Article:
At least eight of the convicted soldiers were executed in the inner yard of the Town Hall in Poperinge, located about 20 minutes from Ypres. Since June 2013 visitors are able to see two authentic death cells, together with the actual post to which those executed were tied.
With much of the Front passing through France much of the fighting took place on French soil, but it was at the Second Battle of Ypres on 22nd April 1915 that a new dimension was introduced to the war when the Germans used poison gas for the first time. The unprotected French defenders fled in panic, leaving a gap of some five miles in the defence line.
The Germans advanced and got to within two miles of Ypres, but were reluctant to advance any further for fear of being poisoned by their own gas.
When a second gas attack was launched two days later against a different sector, the Canadian defenders improvised respirators using towels, handkerchiefs or bandages soaked in urine and bravely prevented a further collapse of the front.
In May the Germans carried out four more gas attacks, making some advances, by the end of the battle on 25 th May, the front was very much the same as it had been at the start.
Although with the Germans on three sides of the salient it was now even harder to defend. During the battle the British Expeditionary Force lost a further 58,000 men with Germans losses close to 38,000.
German sharpshooters mean't that for the Allies the Ypres Salient had become a horrific place of continuous danger, endless human sacrifice and suffering.
The Battle Of Passchendaele
The Allies had decided that as part of their “Northern Operation” they had to capture the Messines Ridge. A plan was devised to dig a number of tunnels underneath the German frontline defences and fill these with explosives that would be blown up immediately before an infantry assault against the German positions.
Work started on the tunnels in 1916 and on 7 th June 1917, at 3.10 am, 19 of them containing almost a million tons of high explosives were detonated.
The shockwave was felt as far away as London. Nine Allied divisions attacked and within a week the whole of the Oosttaverne Line was in Allied hands.
The attack was considered to be an outstanding success, although it resulted in 25,000 Allied casualties against 23,000 German losses, a figure that included 10,000 missing.
By mid-1917 the French army was in disarray, the Russian army in the East was on the verge of collapse and the Americans were still a long way from taking an active part in the war they had just joined. Consequently there was concern that the Germans would recover the whip hand. The British War Cabinet decided to authorise the “Northern Operation” for late July on the understanding that it would be terminated losses exceeded achievements.
The scene was set for the Third Battle of Ypres, also known as The Battle of Passchendaele. After a heavy preliminary bombardment by nearly 2,200 guns, nine divisions mounted an attack.
Unfortunately the Third Battle of Ypres was a major offensive fought with a defective plan and very ambiguous objectives.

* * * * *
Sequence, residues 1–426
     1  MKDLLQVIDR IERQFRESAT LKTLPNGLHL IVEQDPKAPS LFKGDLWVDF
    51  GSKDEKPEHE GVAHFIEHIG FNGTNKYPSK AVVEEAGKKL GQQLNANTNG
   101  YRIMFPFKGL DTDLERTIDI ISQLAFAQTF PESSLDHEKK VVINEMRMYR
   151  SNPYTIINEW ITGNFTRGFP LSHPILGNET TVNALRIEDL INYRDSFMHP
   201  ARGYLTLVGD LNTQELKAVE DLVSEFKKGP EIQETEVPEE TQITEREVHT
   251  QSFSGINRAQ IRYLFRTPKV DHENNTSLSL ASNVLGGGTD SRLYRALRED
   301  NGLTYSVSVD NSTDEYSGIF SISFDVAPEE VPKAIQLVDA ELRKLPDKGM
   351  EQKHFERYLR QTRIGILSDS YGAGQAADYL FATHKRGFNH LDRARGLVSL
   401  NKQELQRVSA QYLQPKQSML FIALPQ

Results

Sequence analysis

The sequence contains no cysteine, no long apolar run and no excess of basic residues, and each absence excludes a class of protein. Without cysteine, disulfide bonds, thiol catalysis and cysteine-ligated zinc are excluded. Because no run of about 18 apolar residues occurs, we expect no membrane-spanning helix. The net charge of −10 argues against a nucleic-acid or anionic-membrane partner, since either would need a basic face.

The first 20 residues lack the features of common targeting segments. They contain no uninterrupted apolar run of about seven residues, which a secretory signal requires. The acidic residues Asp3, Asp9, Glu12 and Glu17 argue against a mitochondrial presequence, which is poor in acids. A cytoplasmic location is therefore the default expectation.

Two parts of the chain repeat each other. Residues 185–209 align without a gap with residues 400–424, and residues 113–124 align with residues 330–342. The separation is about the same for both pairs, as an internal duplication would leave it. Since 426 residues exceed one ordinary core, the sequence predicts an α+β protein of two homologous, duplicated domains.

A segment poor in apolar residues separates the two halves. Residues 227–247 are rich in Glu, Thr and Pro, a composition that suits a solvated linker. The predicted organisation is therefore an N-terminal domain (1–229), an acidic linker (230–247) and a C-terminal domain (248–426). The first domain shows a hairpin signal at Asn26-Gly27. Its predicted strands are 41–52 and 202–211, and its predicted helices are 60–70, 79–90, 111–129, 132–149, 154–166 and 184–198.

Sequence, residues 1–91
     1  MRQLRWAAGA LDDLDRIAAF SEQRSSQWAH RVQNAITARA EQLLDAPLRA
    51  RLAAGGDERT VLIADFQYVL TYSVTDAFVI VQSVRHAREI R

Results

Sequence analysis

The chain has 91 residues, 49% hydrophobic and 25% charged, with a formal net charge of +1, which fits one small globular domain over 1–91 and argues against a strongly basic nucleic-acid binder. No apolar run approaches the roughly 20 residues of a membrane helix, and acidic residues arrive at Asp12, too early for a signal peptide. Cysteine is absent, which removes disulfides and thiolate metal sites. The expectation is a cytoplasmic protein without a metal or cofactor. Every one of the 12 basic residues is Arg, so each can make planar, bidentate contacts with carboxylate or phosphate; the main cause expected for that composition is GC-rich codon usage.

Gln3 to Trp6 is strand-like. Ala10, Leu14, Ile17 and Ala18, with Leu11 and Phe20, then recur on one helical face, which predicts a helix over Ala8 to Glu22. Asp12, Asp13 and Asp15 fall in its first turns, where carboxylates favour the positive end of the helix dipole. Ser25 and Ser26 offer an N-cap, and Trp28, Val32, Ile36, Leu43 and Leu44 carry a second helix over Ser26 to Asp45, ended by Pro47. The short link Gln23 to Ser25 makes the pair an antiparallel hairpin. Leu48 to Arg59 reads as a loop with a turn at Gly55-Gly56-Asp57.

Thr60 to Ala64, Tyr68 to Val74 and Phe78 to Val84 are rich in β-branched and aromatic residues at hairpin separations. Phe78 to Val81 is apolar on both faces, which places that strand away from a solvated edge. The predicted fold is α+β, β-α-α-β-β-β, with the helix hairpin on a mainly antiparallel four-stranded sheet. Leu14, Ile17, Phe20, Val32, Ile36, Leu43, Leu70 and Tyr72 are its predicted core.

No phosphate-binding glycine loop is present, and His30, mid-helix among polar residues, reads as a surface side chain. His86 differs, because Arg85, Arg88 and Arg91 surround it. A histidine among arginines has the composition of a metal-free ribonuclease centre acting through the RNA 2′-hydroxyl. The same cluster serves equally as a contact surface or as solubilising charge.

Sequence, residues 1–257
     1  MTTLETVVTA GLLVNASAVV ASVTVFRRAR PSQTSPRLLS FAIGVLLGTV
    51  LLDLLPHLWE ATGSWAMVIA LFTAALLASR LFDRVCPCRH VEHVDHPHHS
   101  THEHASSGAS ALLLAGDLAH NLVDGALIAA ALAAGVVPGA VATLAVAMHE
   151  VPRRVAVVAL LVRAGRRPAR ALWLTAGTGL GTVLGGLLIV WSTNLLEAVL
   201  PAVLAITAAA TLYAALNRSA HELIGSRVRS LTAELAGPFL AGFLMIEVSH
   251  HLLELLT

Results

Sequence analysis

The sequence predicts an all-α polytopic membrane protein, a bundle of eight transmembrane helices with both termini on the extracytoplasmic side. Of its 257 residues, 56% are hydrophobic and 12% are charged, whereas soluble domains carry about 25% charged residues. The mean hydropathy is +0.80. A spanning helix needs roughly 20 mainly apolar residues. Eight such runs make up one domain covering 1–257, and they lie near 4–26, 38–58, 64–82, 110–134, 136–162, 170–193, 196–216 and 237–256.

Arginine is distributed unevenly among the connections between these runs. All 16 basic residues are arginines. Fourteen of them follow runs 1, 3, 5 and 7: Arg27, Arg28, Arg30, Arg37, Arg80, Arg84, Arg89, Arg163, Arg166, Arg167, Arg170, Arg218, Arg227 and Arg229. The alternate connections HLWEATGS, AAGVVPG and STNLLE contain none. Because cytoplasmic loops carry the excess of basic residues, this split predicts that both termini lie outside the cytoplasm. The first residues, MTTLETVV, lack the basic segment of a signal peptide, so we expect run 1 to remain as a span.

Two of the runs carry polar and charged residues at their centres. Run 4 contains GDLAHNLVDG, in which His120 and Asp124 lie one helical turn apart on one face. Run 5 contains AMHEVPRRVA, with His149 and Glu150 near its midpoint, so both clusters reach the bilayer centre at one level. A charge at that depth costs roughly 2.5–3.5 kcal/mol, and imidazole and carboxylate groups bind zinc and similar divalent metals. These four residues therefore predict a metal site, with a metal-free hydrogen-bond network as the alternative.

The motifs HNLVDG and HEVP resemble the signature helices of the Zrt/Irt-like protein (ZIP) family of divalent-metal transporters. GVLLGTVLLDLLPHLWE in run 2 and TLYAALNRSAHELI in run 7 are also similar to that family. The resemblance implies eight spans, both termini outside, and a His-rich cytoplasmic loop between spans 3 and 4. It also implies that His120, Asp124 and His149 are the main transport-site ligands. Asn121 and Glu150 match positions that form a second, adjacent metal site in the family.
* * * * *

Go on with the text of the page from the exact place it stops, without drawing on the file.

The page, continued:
Tanks were used, but only 19 out of the 48 actually saw any action and all but one of these were destroyed. And then there was the weather, August 1917 was the wettest August for many years and within a very short time the entire Ypres Salient was a sea of mud.
All movement up to the front lines had to be made over slippery plank roads or dangerous duckboard tracks, providing sitting targets for German gunners.
Counting The Losses
British Prime Minister David Lloyd George wanted to abandon the operation, but his commander Field Marshall Haig fought off his opposition even as events continued to go from bad to worse.
By October, after further heavy rain, Haig’s two generals, Plummer and Gough, recommended halting the offensive in order to secure a firm line on the Passchendaele Ridge for the coming winter.
Haig insisted on continuing for a further month, in spite of the fact that by now men were drowning in liquid mud.
By the time that Canadian Corps took Passchendaele village on 6th November, it was nothing more than a pile of rubble.
When the offensive finally came to an end on 10 th November, both sides had incurred about 250,000 casualties each, although some estimates put German losses at closer to 400,000.
By the time the battle ground to a halt the BEF had advanced about five miles but the northern tip of the ridge was still in German possession.
In his memoirs, written in 1938, Lloyd George referred to Passchendaele as one of the great disasters of the war and concluded that: “no soldier of any intelligence would now defend this senseless campaign”.
1918 saw the arrival of troops from the United States and Russia’s withdrawal following the communist revolution. In March, Germany launched a final massive offensive, but by then the allies were superior in equipment, strategic thinking and manpower.
The Germans were gradually pushed back to their own frontier and in November 1918, the German general Ludendorff pressed the Allies for an armistice in order to avoid an unambiguous Allied victory.
Large areas of Belgium had been completely laid to waste. Hundreds of thousands of young men had been killed, wounded or had simply vanished without a trace.
In May 1915, on the Ypres Salient, the Canadian doctor and Lieutenant Colonel John McCrae wrote his internationally celebrated poem "In Flanders Fields".
He draws attention to the fact that in spite of all the devastation, poppies were still growing between the rows of crosses that marked the graves of the dead.
These poppies have since become a symbol of human life lost in war. Today the “Great War” museum for the region is located in the beautifully restored town of Ypres and is also appropriately called In Flanders Fields.